The Toll-Gate by Georgette Heyer

The Toll Gate cover

The Toll-Gate by Georgette Heyer was first published in 1955 and my copy is a Book Club hardback from that date. This is more of a mystery/adventure book and is quite light on the romance – which is fine by me.

Captain John Staples has recently left the army after the end of the Napoleonic Wars, he had a bit of a reputation for being crazy amongst his fellow officers and he’s finding civilian life a bit boring, especially when he has to go to a family wedding in Derbyshire. The women in his extended family seem keen to find a wife for him, but they’re disappointed when he leaves the wedding early.

Looking for an inn to spend the night in John – or Jack as he’s generally known to his friends – gets lost and eventually reaches a roadside toll-gate which is being ‘manned’ by Ben a young and scared boy all on his own. It transpires that Ben’s father has gone missing and Ben fears the worst. Jack decides that he must find out what is going on.

This is a good light read with likeable characters and a plethora of Regency slang.

You might think that a toll-gate dates a book immediately to a certain era but it’s only a couple of years since we had to stump up all of 40 pence in the dead of night on a rural road somewhere around the English midlands. In fact not that long ago I saw such a house and business for sale in the Guardian, you would have to be a keen home body though as you would never be able to leave the place!

Pastoral by Nevil Shute

 Pastoral cover

Pastoral by Nevil Shute was first published in 1944 but my copy is a 1950 reprint complete with dust jacket.

I really enjoyed this one which is a mixture of unsoppy romance and nail-biting World War 2 action via a bombing crew. The R for Robert crew is based near Oxford, they fly a Wellington bomber and have been very successful, surviving nearly 50 sorties. Their success is almost certainly due to the fact that they all get on so well together, they have trust in each other’s abilities and Peter Marshall their captain is a very fair and even tempered chap. His personality keeps everyone calm despite the appalling stress that they’re all under flying their Wellington bomber to Germany on bombing raids so often.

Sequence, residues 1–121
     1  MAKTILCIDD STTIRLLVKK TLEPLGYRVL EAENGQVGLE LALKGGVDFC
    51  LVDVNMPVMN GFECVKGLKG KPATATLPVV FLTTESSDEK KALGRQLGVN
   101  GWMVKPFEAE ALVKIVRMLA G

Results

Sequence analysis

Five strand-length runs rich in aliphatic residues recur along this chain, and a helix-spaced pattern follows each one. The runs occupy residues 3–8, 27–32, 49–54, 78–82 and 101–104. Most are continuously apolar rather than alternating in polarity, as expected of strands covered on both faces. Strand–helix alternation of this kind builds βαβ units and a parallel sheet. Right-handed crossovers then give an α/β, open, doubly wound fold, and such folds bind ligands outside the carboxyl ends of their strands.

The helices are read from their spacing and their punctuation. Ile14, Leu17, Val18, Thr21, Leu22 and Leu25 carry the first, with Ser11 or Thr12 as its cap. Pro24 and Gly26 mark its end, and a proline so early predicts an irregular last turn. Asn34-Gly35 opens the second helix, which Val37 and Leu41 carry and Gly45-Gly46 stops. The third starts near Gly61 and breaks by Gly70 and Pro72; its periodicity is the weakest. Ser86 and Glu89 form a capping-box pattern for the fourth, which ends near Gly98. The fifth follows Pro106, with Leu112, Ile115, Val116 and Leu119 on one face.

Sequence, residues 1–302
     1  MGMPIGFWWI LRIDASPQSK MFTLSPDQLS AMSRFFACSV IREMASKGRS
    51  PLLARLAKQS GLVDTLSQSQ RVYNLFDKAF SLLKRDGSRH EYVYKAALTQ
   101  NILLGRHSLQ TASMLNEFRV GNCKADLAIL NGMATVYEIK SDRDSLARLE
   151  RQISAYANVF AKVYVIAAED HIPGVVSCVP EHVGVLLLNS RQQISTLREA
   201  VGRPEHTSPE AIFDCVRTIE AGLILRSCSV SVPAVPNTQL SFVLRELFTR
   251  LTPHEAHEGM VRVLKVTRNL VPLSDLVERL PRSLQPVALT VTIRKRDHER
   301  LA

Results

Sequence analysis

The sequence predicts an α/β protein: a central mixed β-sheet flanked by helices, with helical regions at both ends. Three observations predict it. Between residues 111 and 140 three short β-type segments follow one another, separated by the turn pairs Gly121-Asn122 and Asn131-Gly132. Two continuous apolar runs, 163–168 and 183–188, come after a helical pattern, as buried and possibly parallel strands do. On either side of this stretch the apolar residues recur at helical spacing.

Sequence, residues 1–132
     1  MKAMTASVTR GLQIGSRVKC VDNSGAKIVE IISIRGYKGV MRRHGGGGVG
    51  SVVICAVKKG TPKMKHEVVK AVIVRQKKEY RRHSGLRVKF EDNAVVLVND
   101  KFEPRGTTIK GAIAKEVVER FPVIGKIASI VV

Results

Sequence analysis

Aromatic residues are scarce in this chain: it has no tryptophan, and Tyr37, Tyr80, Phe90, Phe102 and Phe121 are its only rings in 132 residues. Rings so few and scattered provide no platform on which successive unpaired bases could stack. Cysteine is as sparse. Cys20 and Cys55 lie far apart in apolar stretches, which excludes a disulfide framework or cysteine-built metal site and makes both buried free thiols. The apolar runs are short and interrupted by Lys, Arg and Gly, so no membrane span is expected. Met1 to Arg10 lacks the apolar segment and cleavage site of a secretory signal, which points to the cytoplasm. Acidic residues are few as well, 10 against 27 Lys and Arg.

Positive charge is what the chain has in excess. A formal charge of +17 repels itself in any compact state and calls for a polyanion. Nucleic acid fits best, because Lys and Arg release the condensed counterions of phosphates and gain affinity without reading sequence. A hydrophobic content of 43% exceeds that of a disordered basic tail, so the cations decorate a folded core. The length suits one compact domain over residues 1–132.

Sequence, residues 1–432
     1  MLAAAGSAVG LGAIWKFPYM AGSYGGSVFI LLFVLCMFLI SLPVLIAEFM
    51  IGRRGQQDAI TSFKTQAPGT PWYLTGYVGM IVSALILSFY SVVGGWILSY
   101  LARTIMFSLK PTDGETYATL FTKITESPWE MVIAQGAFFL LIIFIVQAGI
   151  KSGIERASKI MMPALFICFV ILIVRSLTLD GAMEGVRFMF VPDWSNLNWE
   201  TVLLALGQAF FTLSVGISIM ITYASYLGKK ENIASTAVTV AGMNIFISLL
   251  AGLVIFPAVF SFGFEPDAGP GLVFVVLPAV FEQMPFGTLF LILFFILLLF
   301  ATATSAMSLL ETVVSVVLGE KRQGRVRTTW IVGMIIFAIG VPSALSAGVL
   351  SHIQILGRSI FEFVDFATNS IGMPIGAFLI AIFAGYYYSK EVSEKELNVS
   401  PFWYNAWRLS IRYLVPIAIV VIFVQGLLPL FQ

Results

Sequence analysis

Luckily all of the men are keen anglers and they all go off on fishing expeditions locally, it’s just what they need to keep their minds off the dangers they face on a nightly basis.

Peter Marshall falls heavily for a young WAAF officer, she’s a radio operator and feels that Peter is moving too fast, she’s not ready to get serious. Peter’s relaxed personality changes completely and he becomes bad-tempered and nit-picking around his crew which has a bad effect on their flying performance.

I found the descriptions of the flights to and from Germany to be incredibly tense, I’ll probably give this one a 4 on Goodreads at least.

The Two Mrs Abbots by D.E. Stevenson

 The Two Mrs Abbots cover

The Two Mrs Abbots by D.E. Stevenson was first published in 1943 and my copy is an original hardbak, sadly minus the dustcover. It’s the third book featuring Barbara Buncle although she is now of course Barbara Abbot as she’s now married to her editor Arthur and they have two small children, a boy and girl. Barbara is kept busy as a mother, wife and with various war work that she’s involved with, so she has given up her writing for the duration. She’s also the type of person that ends up helping everyone else and giving them her time, and often gets little thanks in return. I think a lot of women will recognise the situations she finds herself in with selfish individuals around her. As you would expect there’s the usual trouble about rationing and evacuees although it’s not the children who are a problem but the mother.

The other Mrs Abbott is Jeronina, usually known as Jerry (a blight on her considering who the enemy is in WW2). She’s married to Arthur’s nephew who is in the army doing his bit in Egypt (possibly). She’s not alone though as Markie her old governess is living with her, and they’ve also had a whole battalion of soldiers billeted on them.

D.E. Stevenson was of course Scottish and if she didn’t set her books in Scotland she often had some Scottish characters in the book. In this one Markie is from Fife and she’s thrilled to discover that one of the soldiers is also a Fifer, well they are very clanish!

There are various stories in this one, quite a lot of characters, one being a young female writer of romances that are very popular but not the sort of thing that Barbara and Jerry are impressed with. I’m wondering who it was that D.E. Stevenson was thinking of when she wrote that character!

There’s plenty of wit and charm as you would expect but this one isn’t as funny as Miss Buncle’s Book, it’s still well worth reading though.

Listening Valley by D.E. Stevenson

Listening Valley

Just a couple of weeks ago I managed to buy an old copy of Listening Valley by D.E. Stevenson in Edinburgh, sadly it doesn’t have it’s dust jacket though. I can’t say I’m all that keen on the cover of the paperback above, but I suppose it’s better than nothing.

The book begins with the Edinburgh childhood of Louise and Antonia Melville. On the surface they have a very comfortable upbringing, it would seem that money was no problem. But in truth they’re really emotionally neglected children, brought up by the nannie. They both have the same problem – they weren’t born a boy and both parents wanted a boy, particularly their father as his family home was a castle and he wanted to pass it on to a son. In disappointment he ended up selling the castle. Their mother was a bridge fiend and playing bridge seemed to take up all of her time. She was disappointed because she thought of her girls as being very dull compared with other children she met, but as she never took the time to get to know her daughters she had no idea of their real personalities at all.